(HOST) The new law on double votes for school budgets is raising concerns, even though it’s a year away from implementation. Commentator Allen Gilbert, a school board member, offers his insights on what’s going on.
(GILBERT) My school board has started drafting next year’s budget. Things feel a little different this time because of a new law passed earlier this year.
The law requires double votes of school budgets if the budgets exceed inflation guidelines. The law goes into effect in 2009. But board members need to think about the new law now, since we’re setting the base against which future budgets will be compared.
Already there are questions that education officials can’t answer. For example, the required wording for the first of the two votes asks voters to approve a school’s "total" budget. Yet the second of the two votes asks for approval of "additional" spending. Is this "additional" spending part of the "total" budget? To go a step further: What happens if, as predicted, there’s a drop in Medicaid reimbursements for services that are provided to some school children? If a school has to pick up the amount the federal government has cut, is that amount considered "additional" spending?
Questions such as these make things tough for school board members. And a level of political uncertainty was thrown over the new law when the state’s largest teachers’ union announced a drive to repeal it.
The questions, and the opposition to the law, stem in large part from the haste with which this double-vote legislation was passed.
There wasn’t much transparency as the bill’s final version was hammered out at the end of the legislative session. The usual deliberation given a bill with huge financial implications didn’t happen.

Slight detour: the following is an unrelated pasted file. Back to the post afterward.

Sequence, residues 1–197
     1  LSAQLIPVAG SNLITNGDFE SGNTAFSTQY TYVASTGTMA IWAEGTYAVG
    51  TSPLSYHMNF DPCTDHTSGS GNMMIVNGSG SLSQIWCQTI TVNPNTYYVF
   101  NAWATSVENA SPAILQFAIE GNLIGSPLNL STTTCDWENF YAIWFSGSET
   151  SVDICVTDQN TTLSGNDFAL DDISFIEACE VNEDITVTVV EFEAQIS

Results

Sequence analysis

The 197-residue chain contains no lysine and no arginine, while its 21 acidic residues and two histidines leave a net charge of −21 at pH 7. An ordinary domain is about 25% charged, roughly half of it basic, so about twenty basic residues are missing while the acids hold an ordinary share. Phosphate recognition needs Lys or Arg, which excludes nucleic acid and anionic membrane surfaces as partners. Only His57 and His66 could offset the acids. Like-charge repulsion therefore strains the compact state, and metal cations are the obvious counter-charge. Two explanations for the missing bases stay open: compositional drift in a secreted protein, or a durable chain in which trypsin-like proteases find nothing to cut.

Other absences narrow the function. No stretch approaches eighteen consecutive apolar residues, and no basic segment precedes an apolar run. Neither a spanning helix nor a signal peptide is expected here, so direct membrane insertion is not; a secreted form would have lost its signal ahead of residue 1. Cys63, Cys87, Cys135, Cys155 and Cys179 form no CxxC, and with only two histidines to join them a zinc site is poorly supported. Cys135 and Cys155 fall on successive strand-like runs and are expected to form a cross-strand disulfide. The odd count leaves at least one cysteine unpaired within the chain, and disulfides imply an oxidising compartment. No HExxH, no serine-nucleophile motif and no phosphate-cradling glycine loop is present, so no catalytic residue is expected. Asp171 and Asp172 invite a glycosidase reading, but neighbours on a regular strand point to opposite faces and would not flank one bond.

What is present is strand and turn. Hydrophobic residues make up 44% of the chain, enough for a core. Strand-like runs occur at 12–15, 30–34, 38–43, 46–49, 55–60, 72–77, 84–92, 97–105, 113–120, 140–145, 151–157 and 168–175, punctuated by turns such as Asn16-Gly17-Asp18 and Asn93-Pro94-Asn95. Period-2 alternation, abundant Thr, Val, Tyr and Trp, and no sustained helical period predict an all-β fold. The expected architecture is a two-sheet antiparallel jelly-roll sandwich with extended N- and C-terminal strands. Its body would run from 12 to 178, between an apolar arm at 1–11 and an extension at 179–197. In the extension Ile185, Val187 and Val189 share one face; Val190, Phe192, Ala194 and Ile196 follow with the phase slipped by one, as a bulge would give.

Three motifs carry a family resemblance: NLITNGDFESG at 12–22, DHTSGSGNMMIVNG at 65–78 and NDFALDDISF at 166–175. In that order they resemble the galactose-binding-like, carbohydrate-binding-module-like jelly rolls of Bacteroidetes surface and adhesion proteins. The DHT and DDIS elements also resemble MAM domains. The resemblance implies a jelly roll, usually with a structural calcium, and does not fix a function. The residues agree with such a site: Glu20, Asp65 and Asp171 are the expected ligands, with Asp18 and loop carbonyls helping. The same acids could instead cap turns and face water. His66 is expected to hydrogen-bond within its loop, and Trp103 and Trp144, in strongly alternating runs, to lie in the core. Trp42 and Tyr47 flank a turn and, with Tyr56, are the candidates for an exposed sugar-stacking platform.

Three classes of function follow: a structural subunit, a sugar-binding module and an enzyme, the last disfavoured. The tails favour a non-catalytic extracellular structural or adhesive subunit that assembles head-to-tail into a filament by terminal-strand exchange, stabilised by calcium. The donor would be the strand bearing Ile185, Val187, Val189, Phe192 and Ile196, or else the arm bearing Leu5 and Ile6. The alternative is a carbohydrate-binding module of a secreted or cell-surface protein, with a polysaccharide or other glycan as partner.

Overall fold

If you’re a school board member, you’re coached time and time again about the importance of process – meetings warned, items to be taken up clearly listed on agendas, open discussion, thoughtful votes based on evidence and made in the interests of all. It’s a high bar, to be sure, but it’s the proper one for any representative body.
In the Legislature, this process can go by the wayside as the session winds down. Legislation is forged in conference committees that involve only a handful of legislators. There’s little input from others. The conference committees meet with minimal advance notice, and the members strike deals that are presented, not to the committees of jurisdiction with expertise on the subjects, but to the entire chambers, to vote up or down.
The usual deliberative process, with close committee scrutiny and public input, yields to what insiders call a "sausage-making" process. You don’t really want to know what’s in the bill.
So maybe it shouldn’t come as a surprise that the new legislation is turning out to be hard for school boards to digest — much less implement. But what’s most ironic to me is that school budgets are the one big item over which local voters already have direct control. We can’t vote directly on military budgets, on health care programs, or on highway spending. But we can vote directly on school budgets.
I wonder if there’s any chance we could trade that second vote on school budgets for a vote on another state — or federal — budget item.
Allen Gilbert is a former journalist, teacher, and consultant currently serving as executive director of the ACLU of Vermont.